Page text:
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Churchill Hall at Southern Oregon University. [Mail Tribune file photo]

SOU responds to failing-grade suit: 'Coursework will speak for itself'

In response to a student’s lawsuit claiming he failed two classes because the school inconsistently accommodated his learning disabilities, Southern Oregon University argues that Mikhail Savona received “numerous accommodations” and said it stands by the academic standards committee that denied changing his F grade in a freshman-level class last year.

Environmental Science 101, a class Savona must pass to graduate, was the most recent of two classes that Savona says he failed because the school and the professor refused to accommodate his documented learning disabilities, denying him orally proctored exams and greater latitude with grammatical errors in his writing, among other accommodations.

The lawsuit, seeking damages of up to $1 million, was first filed in U.S. District Court in Medford last fall after administrators refused to change the grade at a March 6 university hearing.

In SOU’s May 9 response, the university argues that Savona’s “coursework for that course will speak for itself.” At the March 6 Academic Standards Committee hearing facilitated by a provost, the committee found “insufficient evidence” to overturn his grade.

The university says Savona had “numerous academic accommodations, including testing accommodations” available to him during the course.

Further, SOU lists a multitude of services the university had provided him since fall 2014 to accommodate his doctor-diagnosed dyscalculia, dysgraphia, dysthymia and attention deficit hyperactivity disorder. Those services included priority registration for classes, note-taking services, use of a LiveScribe pen for note-taking, reading aloud of directions and questions, latitude on spelling and grammar, scribes for exams, extra time during exams and opportunities to take exams in reduced-distraction environments.

“Each of those accommodations were (and are) available to him, as necessary, if and when he properly requested them,” the university wrote.

Savona also failed an introductory business administration class in the 2014-15 school year that he never contested, then transferred to another school for the 2015-16 academic year, according to court documents filed by the university and an updated complaint filed April 25 by Savona’s lawyer, Christopher Cauble.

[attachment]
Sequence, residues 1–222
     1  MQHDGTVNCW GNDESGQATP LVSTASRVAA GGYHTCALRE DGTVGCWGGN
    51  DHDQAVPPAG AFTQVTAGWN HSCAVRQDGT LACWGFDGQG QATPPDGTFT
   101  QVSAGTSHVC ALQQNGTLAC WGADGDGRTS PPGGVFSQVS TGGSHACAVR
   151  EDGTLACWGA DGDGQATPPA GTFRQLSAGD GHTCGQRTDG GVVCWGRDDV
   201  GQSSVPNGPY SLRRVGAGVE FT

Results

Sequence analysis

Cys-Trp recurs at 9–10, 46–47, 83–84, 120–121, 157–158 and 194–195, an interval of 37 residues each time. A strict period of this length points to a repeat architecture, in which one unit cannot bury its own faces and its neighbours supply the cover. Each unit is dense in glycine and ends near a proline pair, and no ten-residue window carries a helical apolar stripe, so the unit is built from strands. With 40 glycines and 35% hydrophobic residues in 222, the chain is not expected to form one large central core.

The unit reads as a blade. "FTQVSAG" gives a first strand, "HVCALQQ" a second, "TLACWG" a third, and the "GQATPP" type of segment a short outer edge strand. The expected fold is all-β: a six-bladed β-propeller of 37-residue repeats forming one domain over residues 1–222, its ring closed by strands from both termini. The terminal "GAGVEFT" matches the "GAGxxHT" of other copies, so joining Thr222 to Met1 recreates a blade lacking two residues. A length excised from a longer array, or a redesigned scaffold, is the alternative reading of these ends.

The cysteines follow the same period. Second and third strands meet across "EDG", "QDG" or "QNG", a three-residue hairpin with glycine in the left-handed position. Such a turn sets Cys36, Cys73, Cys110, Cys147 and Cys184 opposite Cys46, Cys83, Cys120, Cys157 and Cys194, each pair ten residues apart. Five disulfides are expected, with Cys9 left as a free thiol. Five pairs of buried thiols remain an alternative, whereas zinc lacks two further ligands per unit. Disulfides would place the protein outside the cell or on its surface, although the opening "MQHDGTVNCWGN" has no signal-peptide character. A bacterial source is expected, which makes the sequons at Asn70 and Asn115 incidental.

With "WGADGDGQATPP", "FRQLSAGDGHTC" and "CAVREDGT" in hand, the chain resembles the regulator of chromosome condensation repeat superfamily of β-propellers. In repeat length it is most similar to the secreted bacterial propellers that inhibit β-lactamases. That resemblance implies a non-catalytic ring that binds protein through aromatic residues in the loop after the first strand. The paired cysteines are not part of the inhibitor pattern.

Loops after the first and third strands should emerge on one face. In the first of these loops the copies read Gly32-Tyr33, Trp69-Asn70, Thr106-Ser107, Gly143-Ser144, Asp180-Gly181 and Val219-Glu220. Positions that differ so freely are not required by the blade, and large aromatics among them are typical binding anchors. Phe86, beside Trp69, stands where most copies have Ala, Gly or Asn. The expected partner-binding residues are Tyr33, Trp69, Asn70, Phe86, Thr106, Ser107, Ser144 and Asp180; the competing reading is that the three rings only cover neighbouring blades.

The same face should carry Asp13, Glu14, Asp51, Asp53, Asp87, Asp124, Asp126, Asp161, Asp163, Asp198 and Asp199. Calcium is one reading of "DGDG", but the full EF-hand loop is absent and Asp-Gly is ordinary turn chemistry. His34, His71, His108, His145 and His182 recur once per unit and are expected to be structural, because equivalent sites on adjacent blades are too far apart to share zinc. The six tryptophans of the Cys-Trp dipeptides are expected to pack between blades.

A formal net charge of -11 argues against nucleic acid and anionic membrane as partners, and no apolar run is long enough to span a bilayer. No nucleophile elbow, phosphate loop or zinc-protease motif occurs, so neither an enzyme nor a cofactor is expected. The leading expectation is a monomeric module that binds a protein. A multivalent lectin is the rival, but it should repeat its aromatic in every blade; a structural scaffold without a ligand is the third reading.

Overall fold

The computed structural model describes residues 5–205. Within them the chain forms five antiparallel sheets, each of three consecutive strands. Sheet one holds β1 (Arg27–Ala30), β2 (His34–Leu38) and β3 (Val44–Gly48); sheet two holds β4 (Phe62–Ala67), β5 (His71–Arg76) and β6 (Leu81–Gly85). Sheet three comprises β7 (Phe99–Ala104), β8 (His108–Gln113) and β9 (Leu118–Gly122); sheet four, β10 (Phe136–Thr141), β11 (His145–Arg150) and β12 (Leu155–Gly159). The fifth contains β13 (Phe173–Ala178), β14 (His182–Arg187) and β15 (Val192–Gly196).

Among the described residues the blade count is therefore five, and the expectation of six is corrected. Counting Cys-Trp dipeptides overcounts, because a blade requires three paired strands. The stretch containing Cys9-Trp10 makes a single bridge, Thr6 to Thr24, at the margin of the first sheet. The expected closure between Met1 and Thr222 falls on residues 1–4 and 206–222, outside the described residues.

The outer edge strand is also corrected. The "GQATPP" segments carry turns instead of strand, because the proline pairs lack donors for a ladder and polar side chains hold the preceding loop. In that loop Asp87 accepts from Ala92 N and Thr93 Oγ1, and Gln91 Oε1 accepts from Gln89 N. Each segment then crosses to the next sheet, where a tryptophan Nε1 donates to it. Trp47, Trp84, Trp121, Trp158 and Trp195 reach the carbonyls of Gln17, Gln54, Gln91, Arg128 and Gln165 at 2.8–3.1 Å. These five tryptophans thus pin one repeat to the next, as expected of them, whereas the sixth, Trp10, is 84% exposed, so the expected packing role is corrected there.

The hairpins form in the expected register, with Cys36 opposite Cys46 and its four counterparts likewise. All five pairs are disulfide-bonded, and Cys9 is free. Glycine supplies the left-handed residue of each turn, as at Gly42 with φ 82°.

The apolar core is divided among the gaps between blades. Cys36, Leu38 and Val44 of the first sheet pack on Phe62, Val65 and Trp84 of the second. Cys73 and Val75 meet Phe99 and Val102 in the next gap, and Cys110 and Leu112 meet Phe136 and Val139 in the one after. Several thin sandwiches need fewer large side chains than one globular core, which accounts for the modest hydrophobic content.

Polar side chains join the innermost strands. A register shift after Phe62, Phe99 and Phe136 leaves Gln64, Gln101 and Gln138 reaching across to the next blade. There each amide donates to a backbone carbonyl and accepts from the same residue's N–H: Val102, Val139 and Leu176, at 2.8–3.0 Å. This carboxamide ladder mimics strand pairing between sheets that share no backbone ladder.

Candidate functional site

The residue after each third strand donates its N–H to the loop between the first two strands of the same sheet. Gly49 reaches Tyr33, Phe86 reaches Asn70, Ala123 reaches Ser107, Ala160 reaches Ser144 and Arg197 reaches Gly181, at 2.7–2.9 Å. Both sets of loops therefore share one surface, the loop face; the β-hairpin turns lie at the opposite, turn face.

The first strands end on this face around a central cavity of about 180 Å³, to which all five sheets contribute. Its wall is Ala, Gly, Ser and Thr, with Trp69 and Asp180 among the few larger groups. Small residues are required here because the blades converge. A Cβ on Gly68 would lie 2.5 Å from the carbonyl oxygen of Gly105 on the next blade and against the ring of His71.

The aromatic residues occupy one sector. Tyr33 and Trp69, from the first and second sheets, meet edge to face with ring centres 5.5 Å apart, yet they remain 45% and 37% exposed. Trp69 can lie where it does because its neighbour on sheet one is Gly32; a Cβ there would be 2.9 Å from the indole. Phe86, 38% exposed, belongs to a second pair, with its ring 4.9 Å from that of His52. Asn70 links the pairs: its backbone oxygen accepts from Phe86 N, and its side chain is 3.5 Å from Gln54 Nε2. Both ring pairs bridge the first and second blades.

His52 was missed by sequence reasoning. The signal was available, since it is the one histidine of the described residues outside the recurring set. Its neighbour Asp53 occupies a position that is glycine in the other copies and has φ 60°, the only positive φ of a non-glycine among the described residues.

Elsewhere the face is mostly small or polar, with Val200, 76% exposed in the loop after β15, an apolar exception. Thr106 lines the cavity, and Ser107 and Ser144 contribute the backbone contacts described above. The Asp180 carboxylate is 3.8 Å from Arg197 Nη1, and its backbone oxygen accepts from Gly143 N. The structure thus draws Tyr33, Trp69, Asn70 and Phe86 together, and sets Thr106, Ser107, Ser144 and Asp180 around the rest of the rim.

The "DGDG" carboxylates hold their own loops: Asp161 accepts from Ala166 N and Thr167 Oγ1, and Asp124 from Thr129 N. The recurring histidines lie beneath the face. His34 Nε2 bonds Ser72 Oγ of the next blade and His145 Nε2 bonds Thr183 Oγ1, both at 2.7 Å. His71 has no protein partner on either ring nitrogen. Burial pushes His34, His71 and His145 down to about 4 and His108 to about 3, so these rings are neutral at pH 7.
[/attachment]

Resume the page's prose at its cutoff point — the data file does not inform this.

Cauble said that before his client signed up for the class, professor Charles Lane and an academic adviser told Savona that as long as he “showed up for class and did the work he would pass the course,” a claim the university partially concedes.

“Defendants admit that Dr. Lane may have made a comment to a group of students of the Fall 2016 ES101 course, who were taking the class pass/no pass, that if they showed up to class, continued to perform at the level they had been performing at and did the work, they would be fine,” the university writes, denying any remaining allegations “except as expressly admitted.”

Atop damages, Cauble argues for an injunction that “complies with federal discrimination law and other applicable law” including the elimination of the courses Savona failed as a requirement for graduation.

“Plaintiff also asks this court to permit the Attorney General to intervene in this action as this is a case of general public importance,” Cauble writes.

Cauble also lists two additional incomplete grades Savona received in fall and winter 2014-15 for University Foundations, introductory courses focused on writing, speaking, critical thinking and research skills.

In that class he was denied the opportunity to take oral examinations and not allowed greater latitude on grammatical errors in his writing, among other testing accommodations.

“These actions have been an ongoing issue since the 2014-15 academic year and the 2016-present academic years,” Cauble writes.

The university countered that Savona eventually brought his grades up in the two classes to C and C-minus “after receiving significant support through Disability Resources to complete missing work.” Incomplete grades otherwise become F grades after 12 months, SOU’s academic policy handbook shows.

The university argues that because they made good-faith efforts to comply with the law, punitive damages are inappropriate or barred.

“Any alleged statutory violations were not willful,” the university states.

The evidence-gathering portion of the lawsuit is expected to finish at the end of June, and further motions and counter-motions are currently scheduled to wrap up by the end of August.

Reach Mail Tribune reporter Nick Morgan at 541-776-4471 or nmorgan@rosebudmedia.com. Follow him on Twitter at @MTCrimeBeat.

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